Fisherman Fest

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Yellowgroove @ The Larder House Macmillan Cancer Support fundraiser, Oct 21Having been diving in the morning after the late Oxjam finish, I’m a little tardy reaching the Fishermans Walk gardens. The Larderhouse are hosting a mini festival here, as I arrive with Mrs H, Selby is on stage with a funk jam band shouting out some rap poetry; the rap stuff is good, I’m getting a bit tired of the repetitive jam towards the end, as its been going on for about 30 minutes.

After a longish break Yellowgroove are next on, starting with Fading Out then Loving Man. Son Of A Working Man is given an extended intro while a lead is changed, subtle hints are given alluding to the melody as first one or two, then a series of chords from the melody riff are played out. The guys break into some of their covers, that and the cold turns us to walk away, with the strains of Cream left behind in the trees…

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Oxjam Takeover 2012

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oxjam bournemouth 2012 posterThere’s been much anticipation and build up yet again for the takeover this year, and the start is slightly delayed in the Pier Theatre due to VT difficulties creating more suspense…

Martin interviewAnd we’re off – Powdered Cows start with Lobster, Martin fresh from being interviewed by Beth Graham who’s producing an Oxjam Bournemouth Takeover Rockumentary. Powdered Cows @ Pier Theatre, Oxjam Bournemouth 2012There’s been promise of a spectacle from Martin, he starts solo with his electronics for a couple of songs, before a lion and a crocodile join him for Lion Lion, with invite for the audience to take some percussion and create the song together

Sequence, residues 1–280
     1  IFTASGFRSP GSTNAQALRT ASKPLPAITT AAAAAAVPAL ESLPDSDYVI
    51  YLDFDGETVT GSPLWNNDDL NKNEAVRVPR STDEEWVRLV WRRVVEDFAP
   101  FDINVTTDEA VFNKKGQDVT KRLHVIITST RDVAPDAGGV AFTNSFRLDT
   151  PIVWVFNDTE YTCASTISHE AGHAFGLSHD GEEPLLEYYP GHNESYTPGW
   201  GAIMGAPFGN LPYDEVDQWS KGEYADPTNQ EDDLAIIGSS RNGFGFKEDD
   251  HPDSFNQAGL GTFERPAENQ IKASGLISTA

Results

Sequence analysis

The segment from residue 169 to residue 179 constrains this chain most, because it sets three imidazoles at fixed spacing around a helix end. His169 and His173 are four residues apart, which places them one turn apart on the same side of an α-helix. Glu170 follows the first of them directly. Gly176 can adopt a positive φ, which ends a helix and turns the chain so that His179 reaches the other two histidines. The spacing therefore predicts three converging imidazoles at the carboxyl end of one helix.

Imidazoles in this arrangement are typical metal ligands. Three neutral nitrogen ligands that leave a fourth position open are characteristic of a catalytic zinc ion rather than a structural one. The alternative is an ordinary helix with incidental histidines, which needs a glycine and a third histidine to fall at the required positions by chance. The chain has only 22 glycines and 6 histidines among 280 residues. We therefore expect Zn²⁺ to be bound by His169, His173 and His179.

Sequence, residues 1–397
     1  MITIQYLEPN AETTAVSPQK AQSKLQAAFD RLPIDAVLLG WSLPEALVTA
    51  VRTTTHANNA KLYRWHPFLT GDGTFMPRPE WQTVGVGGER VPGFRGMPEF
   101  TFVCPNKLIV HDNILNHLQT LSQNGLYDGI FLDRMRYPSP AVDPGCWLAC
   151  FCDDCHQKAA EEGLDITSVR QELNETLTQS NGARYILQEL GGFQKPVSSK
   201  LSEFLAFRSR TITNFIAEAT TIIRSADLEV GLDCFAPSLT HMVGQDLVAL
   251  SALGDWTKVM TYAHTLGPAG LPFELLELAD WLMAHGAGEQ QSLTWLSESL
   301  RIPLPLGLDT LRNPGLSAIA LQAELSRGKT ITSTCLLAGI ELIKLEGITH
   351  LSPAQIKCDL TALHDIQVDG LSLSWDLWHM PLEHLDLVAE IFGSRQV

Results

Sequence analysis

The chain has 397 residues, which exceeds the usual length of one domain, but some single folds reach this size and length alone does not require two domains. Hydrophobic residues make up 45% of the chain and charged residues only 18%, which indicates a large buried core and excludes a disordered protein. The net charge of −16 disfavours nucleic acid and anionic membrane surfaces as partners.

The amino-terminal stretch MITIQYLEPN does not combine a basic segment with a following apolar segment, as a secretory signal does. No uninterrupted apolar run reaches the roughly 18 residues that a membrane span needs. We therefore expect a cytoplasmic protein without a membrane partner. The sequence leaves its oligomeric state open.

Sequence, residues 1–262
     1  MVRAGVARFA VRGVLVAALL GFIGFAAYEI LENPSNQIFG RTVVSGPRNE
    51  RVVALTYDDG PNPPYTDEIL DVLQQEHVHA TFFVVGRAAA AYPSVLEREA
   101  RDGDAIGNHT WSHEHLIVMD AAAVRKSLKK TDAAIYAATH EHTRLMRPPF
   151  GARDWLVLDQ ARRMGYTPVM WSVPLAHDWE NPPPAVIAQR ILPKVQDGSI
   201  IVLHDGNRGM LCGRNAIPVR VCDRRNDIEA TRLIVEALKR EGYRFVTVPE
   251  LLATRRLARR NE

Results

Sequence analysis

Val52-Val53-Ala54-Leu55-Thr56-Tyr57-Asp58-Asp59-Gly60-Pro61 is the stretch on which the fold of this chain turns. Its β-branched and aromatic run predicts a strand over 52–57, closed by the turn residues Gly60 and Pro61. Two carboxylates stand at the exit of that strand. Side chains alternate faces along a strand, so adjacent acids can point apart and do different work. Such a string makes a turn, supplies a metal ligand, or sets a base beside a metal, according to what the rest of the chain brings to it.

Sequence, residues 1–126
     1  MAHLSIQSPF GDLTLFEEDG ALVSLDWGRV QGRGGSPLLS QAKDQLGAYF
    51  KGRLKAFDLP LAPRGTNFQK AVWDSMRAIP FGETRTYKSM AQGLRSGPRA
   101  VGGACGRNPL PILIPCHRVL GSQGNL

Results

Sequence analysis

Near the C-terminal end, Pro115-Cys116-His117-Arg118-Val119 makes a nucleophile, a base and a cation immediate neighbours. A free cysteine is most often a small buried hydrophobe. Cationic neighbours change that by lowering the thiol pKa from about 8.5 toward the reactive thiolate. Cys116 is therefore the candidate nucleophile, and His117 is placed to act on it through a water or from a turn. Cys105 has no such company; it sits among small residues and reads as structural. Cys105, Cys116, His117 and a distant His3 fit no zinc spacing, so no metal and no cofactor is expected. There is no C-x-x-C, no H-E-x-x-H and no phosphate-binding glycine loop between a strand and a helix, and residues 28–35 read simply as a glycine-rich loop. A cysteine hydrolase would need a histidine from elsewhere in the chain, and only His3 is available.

Catch up with Livvy in relaxed mode @ 60 Million Postcards, Oxjam Bournemouth 2012There’s delays in 60 Million Postcards too, so I catch up with one of the Oxjam queens, Livvy, who’s taking a moment outside.

Boolays @ Pier Theatre, Oxjam Bournemouth 2012

I head back to the Pier where the Boolays are hitting their last two songs, both of them debuts for the band. Soprano sax, twin dueling acoustic guitars and twin female vocals with male accompaniment means I’m in a brief delight.

Jack Grace @ Pier Theatre, Oxjam Bournemouth 2012Jack Grace is solo acoustic today, and sounds absolutely crystal clear on the vocals, while the guitar gently plays along to itself for much of the material thanks to his loop pedal. The fantastic ambience of the awesome pier theatre really works well for Jack’s voice.

Jack Vallier @ 60 Million Postcards, Oxjam Bournemouth 2012I reach 60 Million Postcards in time to hear Chris Woodford have a large shout up by compere Si Genaro. As ever, Chris plays a blinder. Jack Vallier is next up, and chooses to do a set of acoustic covers, starting with Wonderwall, which doesn’t go down as well as Krista’s version did last night. One bit of really good news – Tony Warren is back on the local music scene having had three years away in London; we have a bit of a natter and a catch up.